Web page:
The first decades of the 20th century witnessed a race between the gathering momentum of protection and the ongoing destructive forces. By the 1930s, most areas had been either acquired as public lands or logged. Logging companies were experiencing difficulty accessing merchantable trees and started closing operations. Many of these operations moved to the Pacific North-west (Wear and Greis, 2002). Acquisition of national forest lands continued with the addition of these already logged lands. Although accessible areas were extensively logged during this period, significant areas were spared. Recent surveys (Yost et al, 1994; Messick, 2000) demonstrate that significant old growth survived this period, mainly in inaccessible areas where logging operations were unprofitable or unfeasible or in areas that were acquired before logging operations reached them. In the decades following the 1930s came a

period of recovery. The lack of mature, marketable timber, along with an operating mandate within the US Forest Service to promote the recovery of the southern Appalachian forests, combined to halt the commercial-scale logging and begin a period of recovery. But after World War II, the process of recovery was interrupted. The post-war economic boom spurred a demand for timber just as many trees on national forest lands were approaching commercial maturity. These forces triggered another cycle of heavy logging from the 1950s until the early 1980s. By that time, environmental and conservation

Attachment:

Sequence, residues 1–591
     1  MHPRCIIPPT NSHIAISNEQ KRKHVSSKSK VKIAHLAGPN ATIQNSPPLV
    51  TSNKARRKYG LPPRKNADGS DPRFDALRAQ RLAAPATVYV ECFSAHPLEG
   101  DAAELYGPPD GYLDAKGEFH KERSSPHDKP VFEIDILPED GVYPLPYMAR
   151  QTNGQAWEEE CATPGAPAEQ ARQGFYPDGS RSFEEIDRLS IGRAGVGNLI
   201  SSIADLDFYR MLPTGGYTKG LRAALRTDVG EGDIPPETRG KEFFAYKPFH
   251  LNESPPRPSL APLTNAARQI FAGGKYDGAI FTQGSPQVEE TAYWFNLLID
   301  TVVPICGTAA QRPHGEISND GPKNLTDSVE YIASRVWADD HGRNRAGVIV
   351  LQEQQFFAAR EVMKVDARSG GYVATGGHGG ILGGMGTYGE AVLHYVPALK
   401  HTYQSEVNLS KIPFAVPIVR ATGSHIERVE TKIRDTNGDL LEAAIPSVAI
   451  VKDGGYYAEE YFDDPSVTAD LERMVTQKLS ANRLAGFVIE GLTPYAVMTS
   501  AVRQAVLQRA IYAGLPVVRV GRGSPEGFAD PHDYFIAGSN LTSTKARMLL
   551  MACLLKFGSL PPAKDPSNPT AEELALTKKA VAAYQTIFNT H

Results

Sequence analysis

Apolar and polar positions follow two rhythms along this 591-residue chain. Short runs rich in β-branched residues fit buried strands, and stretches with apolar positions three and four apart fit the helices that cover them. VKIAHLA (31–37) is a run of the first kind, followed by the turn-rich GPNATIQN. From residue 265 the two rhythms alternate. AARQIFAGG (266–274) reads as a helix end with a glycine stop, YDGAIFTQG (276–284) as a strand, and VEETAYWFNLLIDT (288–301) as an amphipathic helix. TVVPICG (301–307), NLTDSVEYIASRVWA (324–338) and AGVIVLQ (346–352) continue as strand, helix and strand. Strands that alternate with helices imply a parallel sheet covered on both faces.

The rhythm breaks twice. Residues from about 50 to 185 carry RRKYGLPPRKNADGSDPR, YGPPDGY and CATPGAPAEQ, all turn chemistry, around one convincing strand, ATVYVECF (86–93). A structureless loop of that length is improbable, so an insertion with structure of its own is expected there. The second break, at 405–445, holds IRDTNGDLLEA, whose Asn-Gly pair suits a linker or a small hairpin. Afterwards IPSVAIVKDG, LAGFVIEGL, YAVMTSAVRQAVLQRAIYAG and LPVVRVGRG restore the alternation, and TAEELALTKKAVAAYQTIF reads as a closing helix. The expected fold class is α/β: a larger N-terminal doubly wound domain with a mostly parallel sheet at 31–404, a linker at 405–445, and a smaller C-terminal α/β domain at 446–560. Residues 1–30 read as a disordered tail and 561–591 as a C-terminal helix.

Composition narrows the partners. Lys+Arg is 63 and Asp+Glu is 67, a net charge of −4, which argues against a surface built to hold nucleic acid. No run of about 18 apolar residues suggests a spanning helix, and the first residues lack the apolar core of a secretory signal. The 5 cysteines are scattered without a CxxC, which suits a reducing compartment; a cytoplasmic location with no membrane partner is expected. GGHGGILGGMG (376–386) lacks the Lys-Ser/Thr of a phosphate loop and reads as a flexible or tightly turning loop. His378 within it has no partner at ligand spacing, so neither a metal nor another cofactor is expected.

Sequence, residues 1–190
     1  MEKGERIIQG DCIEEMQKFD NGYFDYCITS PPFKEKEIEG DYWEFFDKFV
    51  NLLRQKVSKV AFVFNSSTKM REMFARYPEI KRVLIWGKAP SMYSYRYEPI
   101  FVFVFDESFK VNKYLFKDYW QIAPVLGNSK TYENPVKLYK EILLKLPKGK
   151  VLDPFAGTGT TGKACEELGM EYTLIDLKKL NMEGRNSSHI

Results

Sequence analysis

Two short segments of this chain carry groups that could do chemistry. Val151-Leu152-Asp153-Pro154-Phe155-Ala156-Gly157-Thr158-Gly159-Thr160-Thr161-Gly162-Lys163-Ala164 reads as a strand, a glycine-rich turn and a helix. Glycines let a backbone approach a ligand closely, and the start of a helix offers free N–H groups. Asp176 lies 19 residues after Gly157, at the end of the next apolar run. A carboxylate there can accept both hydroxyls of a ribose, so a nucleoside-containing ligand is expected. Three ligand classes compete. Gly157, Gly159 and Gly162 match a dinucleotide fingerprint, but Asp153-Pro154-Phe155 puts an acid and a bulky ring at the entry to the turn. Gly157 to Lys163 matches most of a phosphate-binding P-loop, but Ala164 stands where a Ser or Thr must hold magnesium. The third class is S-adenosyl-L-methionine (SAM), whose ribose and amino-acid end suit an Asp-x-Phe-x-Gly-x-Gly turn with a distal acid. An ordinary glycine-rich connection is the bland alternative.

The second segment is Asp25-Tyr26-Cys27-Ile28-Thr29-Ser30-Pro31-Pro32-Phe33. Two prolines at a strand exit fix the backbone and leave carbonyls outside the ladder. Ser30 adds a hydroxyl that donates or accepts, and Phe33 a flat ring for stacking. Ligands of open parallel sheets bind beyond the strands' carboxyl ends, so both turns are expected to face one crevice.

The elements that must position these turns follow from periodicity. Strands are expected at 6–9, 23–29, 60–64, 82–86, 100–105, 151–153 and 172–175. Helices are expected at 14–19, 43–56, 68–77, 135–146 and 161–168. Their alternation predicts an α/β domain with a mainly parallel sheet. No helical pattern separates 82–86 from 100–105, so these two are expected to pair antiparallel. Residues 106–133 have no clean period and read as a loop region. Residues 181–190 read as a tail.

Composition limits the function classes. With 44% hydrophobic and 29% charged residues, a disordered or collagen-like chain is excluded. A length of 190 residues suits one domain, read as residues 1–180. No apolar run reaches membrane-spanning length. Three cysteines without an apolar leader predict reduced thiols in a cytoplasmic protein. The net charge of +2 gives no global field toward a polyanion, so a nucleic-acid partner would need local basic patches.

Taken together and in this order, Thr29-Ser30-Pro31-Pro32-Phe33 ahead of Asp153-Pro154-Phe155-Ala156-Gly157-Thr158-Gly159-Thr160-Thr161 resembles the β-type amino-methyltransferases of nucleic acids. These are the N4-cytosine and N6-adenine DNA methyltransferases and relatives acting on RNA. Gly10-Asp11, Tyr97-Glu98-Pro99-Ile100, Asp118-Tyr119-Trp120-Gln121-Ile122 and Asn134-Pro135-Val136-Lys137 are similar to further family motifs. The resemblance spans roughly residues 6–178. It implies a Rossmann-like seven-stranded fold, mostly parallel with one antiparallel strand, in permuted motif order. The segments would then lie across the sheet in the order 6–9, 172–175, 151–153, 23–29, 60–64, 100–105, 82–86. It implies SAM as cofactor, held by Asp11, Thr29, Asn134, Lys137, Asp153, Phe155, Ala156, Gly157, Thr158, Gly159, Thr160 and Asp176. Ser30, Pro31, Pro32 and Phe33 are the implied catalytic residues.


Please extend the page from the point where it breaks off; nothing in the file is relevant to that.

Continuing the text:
groups had formed, in response to a variety of environmental challenges, and these new NGOs worked to suppress this increase in logging. At the same time, the wilderness protection effort was gaining momentum. The US Wilderness Act, which established the nation’s Wilderness Preservation System, became law in 1964. At first, the Forest Service refused to consider areas in the eastern US for wilderness recommendations, insisting that previous logging and other uses had ‘disqualified’ all eastern forest candidates (Frome, 1989). Then the Eastern Wilderness Areas Act of 1975 confirmed the legitimacy of wilderness designation in the eastern US, and several wilderness areas were designated within the southern Appalachians. New areas have since been added to

the wilderness preservation system in the region, amounting to 202,343ha or 9 per cent of its national forest ownership; an additional 32,375ha of wilderness have been designated in national parks and a majority of the 211,000ha Great Smoky Mountains National Park is managed as wilderness. Other legislative categories, including national recreation area and national scenic area, have been applied to sections of national forest in the southern Appalachians.